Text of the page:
engagement and PersistenCe standard 49
each makes to children’s development and how they relate to one another.
Looking at engagement on its own helps teachers focus on how the environ-
ment calls to individual children: what materials, activities, and projects
captivate a child’s interest. This helps with planning and structuring the
environment in ways that respond to and support children’s needs.
Persistence, an outgrowth of engagement, provides a way to look at how a
child is learning to focus and develop a sustained interest in particular projects
or ideas. Persistence is recognized when children stay with a task over a period
of time, add new and complex elements to their work, overcome obstacles,
work through frustration, and manage distractions. Persistence is a standard
that is difficult for teachers to take head-on. It is not possible to create persis-
tence in children. However, you can set the stage for it by providing the right
environment for engagement. Once children are engaged, they will want to
stay with what they are doing—in short, to persist.
What are the observable behaviors or indicators that demonstrate children
engaging with the engagement and persistence standard?
The persistence and engagement standard is, at its core, a call to teachers to
focus on the environment. Provisioning the learning environment with a variety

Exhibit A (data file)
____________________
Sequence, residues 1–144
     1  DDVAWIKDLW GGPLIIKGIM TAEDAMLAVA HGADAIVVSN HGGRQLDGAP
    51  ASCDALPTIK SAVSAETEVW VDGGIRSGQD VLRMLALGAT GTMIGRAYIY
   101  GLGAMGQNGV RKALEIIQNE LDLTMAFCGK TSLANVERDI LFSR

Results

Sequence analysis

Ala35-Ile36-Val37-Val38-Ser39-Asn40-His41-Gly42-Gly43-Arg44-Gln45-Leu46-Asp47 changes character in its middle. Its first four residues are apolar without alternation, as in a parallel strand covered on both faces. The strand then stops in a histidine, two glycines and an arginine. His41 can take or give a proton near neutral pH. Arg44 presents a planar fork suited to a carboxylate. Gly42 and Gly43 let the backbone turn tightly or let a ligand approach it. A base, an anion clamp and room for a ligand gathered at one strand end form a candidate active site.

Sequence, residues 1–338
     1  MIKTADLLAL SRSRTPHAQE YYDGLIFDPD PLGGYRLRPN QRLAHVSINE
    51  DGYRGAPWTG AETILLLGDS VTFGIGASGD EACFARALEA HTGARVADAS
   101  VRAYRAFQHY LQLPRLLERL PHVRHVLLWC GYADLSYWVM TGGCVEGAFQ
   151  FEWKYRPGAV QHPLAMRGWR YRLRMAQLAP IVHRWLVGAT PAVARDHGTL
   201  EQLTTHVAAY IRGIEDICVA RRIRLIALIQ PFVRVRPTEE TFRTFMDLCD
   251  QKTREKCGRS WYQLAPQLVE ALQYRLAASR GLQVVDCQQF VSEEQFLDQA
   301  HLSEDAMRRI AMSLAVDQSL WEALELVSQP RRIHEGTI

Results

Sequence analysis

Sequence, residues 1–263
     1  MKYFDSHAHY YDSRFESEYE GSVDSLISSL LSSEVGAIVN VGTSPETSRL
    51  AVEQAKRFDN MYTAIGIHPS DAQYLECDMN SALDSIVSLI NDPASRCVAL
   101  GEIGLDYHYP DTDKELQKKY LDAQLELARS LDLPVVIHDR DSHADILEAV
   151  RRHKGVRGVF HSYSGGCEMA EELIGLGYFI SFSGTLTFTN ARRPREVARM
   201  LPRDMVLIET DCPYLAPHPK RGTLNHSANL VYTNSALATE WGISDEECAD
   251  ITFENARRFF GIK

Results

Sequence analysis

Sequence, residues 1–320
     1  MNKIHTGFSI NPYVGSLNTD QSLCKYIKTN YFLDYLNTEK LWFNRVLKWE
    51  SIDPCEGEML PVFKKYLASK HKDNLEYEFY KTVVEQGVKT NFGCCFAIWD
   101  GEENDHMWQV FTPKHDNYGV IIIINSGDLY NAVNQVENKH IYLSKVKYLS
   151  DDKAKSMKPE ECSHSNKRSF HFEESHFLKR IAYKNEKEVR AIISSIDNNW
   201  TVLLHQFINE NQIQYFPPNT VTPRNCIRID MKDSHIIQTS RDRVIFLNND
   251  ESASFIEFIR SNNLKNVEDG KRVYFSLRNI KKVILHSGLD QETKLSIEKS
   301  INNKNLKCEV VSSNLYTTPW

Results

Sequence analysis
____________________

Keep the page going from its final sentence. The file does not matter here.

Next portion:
of materials and activities offers children the opportunity to make choices and
pursue a range of interests. An environment rich in materials and diverse activi-
ties and projects provides the requisite starting point to captivate each child’s
interest. Children presented with this diversity, and the necessary tools and
time to investigate and pursue activities fully, become engaged. Their engage-
ment supports and motivates them to pursue challenges, overcome obstacles,
and persist through setbacks and distractions. In this way, they develop their
ability to focus, stay with, and extend a project. The outdoor environment is
ideal for engaging children. It is rich in changes for them to notice and inves-
tigate, presents puzzles to figure out, and has a range of both active and quiet
activities to pursue. Enhancing the opportunities the natural world offers helps
create an environment that calls to each child and to each child’s interests.
Some of the phrases used to describe behaviors in the various state stan-
dards related to persistence and engagement are sustained attention, purpose-
ful planning, use of tools in ways that extend experiences, and the ability to work
through challenges and obstacles. These observable behaviors are captured in the
list of indicators we have synthesized from the various state standards for both
engagement and persistence.
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